Future Crimes is the Must Read Book of the Year. Endlessly fascinating, genuinely instructive, and truly frightening. One of the world’s leading authorities on global security, Marc Goodman takes readers deep into the digital underground to expose the alarming ways criminals, corporations, and even countries are using new and emerging technologies against you-and how this makes everyone more vulnerable than ever imagined. Goodman spent a career in law enforcement, including work as Futurist with the FBI and a Senior Advisor to Interpol.
The Places in Between by Scottish author Rory Stewart is one of the most beautiful travel books ever written. He walked across Afghanistan-surviving by his wits, his knowledge of Persian dialects and Muslim customs, and the kindness of strangers. By day he passed through mountains covered in nine feet of snow, hamlets burned and emptied by the Taliban, and communities thriving amid the remains of medieval civilizations. By night he slept on villagers’ floors, shared their meals, and listened to their stories of the recent and ancient past. Along the way Stewart met heroes and rogues, tribal elders and teenage soldiers, Taliban commanders and foreign-aid workers. He was also adopted by an unexpected companion-a retired fighting mastiff he named Babur in honor of Afghanistan’s first Mughal emperor, in whose footsteps the pair was following.
“Emotions are not just the fuel that powers the psychological mechanism of a reasoning creature, they are parts, highly complex and messy parts, of this creature’s reasoning itself,” philosopher Martha Nussbaum wrote in her incisive treatise on the intelligence of emotions, titled after Proust’s powerful poetic image depicting the emotions as “geologic upheavals of thought.” But much of the messiness of our emotions comes from the inverse: Our thoughts, in a sense, are geologic upheavals of feeling — an immensity of our reasoning is devoted to making sense of, or rationalizing, the emotional patterns that underpin our intuitive responses to the world and therefore shape our very reality. Our interior lives unfold across landscapes that seem to belong to an alien world whose terrain is as difficult to map as it is to navigate — a world against which the young Dostoyevsky roiled in a frustrated letter on reason and emotion, and one which Antoine de Saint-Exupéry embraced so lyrically in one of the most memorable lines from The Little Prince: “It is such a secret place, the land of tears.”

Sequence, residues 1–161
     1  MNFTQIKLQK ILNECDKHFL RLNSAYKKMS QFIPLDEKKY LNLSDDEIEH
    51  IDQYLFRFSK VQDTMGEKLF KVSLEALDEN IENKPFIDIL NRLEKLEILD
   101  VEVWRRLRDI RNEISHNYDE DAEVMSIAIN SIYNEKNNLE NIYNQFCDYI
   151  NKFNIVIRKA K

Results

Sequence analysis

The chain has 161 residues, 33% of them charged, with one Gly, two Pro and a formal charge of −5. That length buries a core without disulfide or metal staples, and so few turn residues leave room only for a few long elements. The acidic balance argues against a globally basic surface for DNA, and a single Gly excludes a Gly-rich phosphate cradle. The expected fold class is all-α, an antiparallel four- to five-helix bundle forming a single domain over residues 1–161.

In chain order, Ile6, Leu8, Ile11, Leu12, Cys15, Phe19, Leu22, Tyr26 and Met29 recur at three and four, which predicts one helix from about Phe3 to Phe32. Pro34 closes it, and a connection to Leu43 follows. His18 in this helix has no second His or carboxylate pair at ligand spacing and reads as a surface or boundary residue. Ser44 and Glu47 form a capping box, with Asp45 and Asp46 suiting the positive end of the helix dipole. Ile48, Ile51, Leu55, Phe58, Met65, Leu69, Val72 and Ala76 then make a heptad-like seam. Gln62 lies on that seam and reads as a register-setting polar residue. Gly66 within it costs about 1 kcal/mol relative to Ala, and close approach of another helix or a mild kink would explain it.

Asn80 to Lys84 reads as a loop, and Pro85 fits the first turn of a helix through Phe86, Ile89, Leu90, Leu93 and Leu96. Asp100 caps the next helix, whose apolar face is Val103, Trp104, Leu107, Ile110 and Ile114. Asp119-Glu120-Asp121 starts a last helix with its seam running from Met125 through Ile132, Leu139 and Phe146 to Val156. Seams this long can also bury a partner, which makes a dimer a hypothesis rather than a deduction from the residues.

Today, every Australian child is at risk of being deprived of the protection of their biological family, because we have collectively failed to recognise the supreme guardianship powers of the State. Perceived legal rights to the protection of their own family, something everybody assumes parents and children are entitled to, are in fact non-existent. This has resulted in the creation of a multi-billion-dollar child-removal industry, engaged in the redistribution of stolen children for profit, across the Western world.
The world is turning into one vast Disneyland. Authentic travel experiences are becoming increasingly hard to come across. “Let’s go blah blah blah the tourists”, is the cry of touts from once isolated mountain kingdoms to once scarcely visited tropical islands. Overbooked: The Exploding Business of Travel and Tourism by journalist Elizabeth Becker is the most significant book to be written on the industry this decade. Tourism, fast becoming the largest global business, employing one out of twelve persons and produces $6.5 trillion of the world’s economy. Tourism is the top single revenue source in countries as diverse as France and Thailand.
“I struggle awake and there she is, Russia. A silver-haired grandmother in a flowered nightgown.” After two and a half years as Moscow bureau chief for National Public Radio and co-host of the Morning Edition, America’s most widely heard radio news program, author David Greene journeys thousands of kilometres by rail from Moscow to the Pacific port of Vladivostok to find out how Russians’ lives have changed in the post-Soviet years. He meets a group of singing babushkas from Buranovo, a teenager hawking ‘space rocks’ from a meteor shower in Chelyabinsk, and activists battling for environmental regulation in the pollution-choked town of Baikalsk.